The money really helped as I was staking around ten guys online and live at the time. It helped me go on more holidays, play any tournament I wanted, but I still had some responsibilities and tried to adhere to good game selection. For example, I satellited into the WCOOP $10K High Roller and took the tournament dollars. I would rather outlay that $10K by playing a hundred $109 tournaments in the evening than playing one of the toughest fields on earth. I also had a team of guys who could help me outlay it quickly. All of this was pretty soon after Black Friday and it was an amazing time to play online until the best players were able to relocate from the USA to neighboring countries. I wound things up mid-2012, half by choice half by running out of money, after spending infinite travelling around and also taking six or seven shots at $100K. I blanked but totally enjoyed the journey. I look back and think about how I could have definitely coached and managed people better. Whilst I selected well and tried to impart this among the team, sometimes this was not strictly adhered to and it was far from running it in a businesslike manner.
You’ve mentioned that you played a lot of PokerStars, but now play cash on many Euro sites. Can you elaborate?
After missing out on Team Online, I broadened my scope to having the majority of my play on 888, PartyPoker, and Ongame. I play short-handed and heads-up cash, both no-limit hold’em and pot-limit Omaha. I actually really enjoy short-handed PLO. The best games I have ever played online and live have been short-handed PLO up to $25-$50, and believe me the games had to be good for me to play that high.
What’s the live poker scene like in Australia?
The live poker scene in Australia is amazing. We have a huge pool of pub poker players feeding into $1,000-$2,000 live tournaments and a well-run satellite system by Crown Poker and the major sites feeding our main events. In Australia, our average per adult spending on gaming is $3,400. Aussie's love to have a punt. They’re not scared money, and are inherently risk takers. Overall the live tournament scene is healthy along with private and casino cash games. I can't wait for MAP poker or a form of multi-tabling live to take off here like at ARIA Poker in Vegas, that is just perfect. We also have a bit of a continued mining boom going on, so there are a lot of young males with highly disposable incomes.
We’ve seen you on the Australian poker circuit over the years. How do you go about deciding what events to play?
I have regularly played $1,000-$2,000 events in Australia/Asia since 2010, and I usually go with ANZPT or APPT events, as they have great satellites into the Main Events. I usually won't travel more than an hour for an event unless it’s a $1,000 buy-in or more. We have cheap flights, but unless there is a re-entry or repercharge, I feel it is better to outlay $,1000 online with less variance. I tend to mix in a holiday, road trip or have an event as a stop off on the way to somewhere.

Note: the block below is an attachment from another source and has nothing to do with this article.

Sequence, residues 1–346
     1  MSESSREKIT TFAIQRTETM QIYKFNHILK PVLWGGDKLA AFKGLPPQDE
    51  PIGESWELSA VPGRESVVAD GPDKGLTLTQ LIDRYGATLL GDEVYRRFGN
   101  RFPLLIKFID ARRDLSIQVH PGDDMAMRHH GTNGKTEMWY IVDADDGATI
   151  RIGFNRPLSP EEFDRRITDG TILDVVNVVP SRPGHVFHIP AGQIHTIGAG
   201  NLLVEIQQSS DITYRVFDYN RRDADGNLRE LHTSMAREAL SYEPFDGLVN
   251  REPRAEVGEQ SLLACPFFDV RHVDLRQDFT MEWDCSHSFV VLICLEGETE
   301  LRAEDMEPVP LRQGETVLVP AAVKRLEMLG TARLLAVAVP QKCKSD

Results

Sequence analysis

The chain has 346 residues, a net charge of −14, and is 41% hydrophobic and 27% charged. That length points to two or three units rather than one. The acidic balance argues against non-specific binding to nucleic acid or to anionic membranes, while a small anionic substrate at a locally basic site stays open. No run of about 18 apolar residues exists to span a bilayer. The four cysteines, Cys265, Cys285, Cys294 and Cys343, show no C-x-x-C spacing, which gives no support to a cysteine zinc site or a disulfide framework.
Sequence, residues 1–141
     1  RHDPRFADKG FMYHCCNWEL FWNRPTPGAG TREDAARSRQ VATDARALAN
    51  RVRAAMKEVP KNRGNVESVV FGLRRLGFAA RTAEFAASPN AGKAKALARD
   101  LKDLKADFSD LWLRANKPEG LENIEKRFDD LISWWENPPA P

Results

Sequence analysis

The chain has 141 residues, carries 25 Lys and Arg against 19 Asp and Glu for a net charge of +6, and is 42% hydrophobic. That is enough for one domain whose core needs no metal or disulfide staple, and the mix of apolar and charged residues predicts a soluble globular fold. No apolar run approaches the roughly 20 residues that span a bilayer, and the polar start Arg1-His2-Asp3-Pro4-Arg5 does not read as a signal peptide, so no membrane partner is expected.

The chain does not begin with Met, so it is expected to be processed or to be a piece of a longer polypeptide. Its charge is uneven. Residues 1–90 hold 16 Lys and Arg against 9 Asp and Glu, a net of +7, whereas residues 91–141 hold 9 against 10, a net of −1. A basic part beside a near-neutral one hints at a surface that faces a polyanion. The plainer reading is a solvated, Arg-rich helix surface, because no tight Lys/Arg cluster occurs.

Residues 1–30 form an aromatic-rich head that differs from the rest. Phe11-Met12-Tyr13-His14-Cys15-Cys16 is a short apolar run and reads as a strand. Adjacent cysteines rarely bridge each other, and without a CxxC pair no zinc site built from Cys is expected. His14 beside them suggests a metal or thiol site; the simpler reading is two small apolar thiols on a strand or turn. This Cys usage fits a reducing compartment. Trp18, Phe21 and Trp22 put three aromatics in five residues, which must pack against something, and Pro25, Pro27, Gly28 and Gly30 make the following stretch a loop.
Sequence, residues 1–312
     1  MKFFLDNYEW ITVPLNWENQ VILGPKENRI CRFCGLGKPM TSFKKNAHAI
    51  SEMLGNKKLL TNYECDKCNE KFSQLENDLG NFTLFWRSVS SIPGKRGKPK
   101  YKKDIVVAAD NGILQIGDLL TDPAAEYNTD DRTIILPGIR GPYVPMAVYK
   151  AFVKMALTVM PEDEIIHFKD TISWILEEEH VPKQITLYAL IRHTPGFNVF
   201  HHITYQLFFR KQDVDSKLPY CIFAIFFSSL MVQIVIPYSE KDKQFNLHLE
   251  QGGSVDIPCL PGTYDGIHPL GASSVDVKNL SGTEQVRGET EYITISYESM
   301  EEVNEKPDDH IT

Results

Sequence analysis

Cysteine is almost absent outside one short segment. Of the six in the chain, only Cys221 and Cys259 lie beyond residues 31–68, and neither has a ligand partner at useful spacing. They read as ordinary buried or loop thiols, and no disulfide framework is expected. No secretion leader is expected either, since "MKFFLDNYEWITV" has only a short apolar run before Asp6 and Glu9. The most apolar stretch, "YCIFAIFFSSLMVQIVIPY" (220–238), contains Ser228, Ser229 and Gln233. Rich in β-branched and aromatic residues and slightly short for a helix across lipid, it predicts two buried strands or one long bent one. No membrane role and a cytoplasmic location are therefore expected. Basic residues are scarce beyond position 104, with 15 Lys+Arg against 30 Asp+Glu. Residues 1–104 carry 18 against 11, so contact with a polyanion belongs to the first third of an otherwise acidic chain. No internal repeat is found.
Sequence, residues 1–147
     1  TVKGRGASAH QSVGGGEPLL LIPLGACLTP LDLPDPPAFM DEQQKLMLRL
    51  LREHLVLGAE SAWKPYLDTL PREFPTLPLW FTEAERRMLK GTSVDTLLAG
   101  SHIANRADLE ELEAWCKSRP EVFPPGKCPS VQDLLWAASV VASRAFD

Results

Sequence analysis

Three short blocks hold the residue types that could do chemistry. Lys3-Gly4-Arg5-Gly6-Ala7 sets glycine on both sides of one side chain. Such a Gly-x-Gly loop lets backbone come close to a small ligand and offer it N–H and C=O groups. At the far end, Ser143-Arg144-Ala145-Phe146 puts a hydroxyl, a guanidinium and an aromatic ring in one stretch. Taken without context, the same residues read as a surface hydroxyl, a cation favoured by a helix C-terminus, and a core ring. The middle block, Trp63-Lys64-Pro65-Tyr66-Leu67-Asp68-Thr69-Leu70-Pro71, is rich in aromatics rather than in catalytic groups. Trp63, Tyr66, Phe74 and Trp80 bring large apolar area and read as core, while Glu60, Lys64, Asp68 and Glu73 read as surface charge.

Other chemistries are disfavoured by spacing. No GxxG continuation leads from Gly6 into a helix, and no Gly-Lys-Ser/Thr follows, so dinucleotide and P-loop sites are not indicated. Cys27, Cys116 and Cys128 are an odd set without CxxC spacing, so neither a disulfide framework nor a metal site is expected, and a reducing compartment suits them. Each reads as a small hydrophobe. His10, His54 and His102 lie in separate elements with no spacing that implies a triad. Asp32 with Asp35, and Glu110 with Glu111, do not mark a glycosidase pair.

In February 2011 you finished as runner up in the ANZPT A$2,185 Adelaide Main Event for A$99,260. Were you proud of that accomplishment or upset that you didn’t capture the title?
I came second to a good friend of mine, Octavian Voegele. I don't feel bad at all as three-handed I had the chip lead and locked in $127K. I also had 25% of third-place finisher Ian Parnell, and they got $90K each. We played for $5,000 and the title, and my mate who was definitely a better heads-up player defeated me. I have no qualms or concerns about my decision especially after losing two flips immediately after cutting the deal. That was a great experience and really kicked off good things, really gave me belief in my game, and the roll to crush and push harder.
What the story behind your screen name, “OnTheMac”?
I created this screen name while I was training at the New South Wales Institute of Sport. I was at my girlfriend’s parents’ place at the time and her dad had PokerStars on his computer. I had days off uni and felt like playing. I have always called my dad’s mum and dad “Nanna Mac” and “Poppa Mac” respectively. Also, we had just been to the races that weekend, so I wanted it to be like a horse you could barrack for in a race. For example, “C'mon 'On The Mac', c'mon the Mac, you know bring it home, baby!” So yeah, I had always dreamed of going big and grinding it up from nothing and traveling around the world doing what I love. Essentially it is a competitive drive at the essence of what “OnTheMac” is, fighting on past the point when you think you are gone and pushing that bit further.
What’s next for you regarding poker?
I am just getting ready for ANZPT Sydney, WSOP APAC, and a Pacific Island cruise in between with my girlfriend Nicole. I’ll play online, some heads-up against “Buffet1986”—a huge spewtard.
Check out this interview with McKenzie from the PokerNews archives: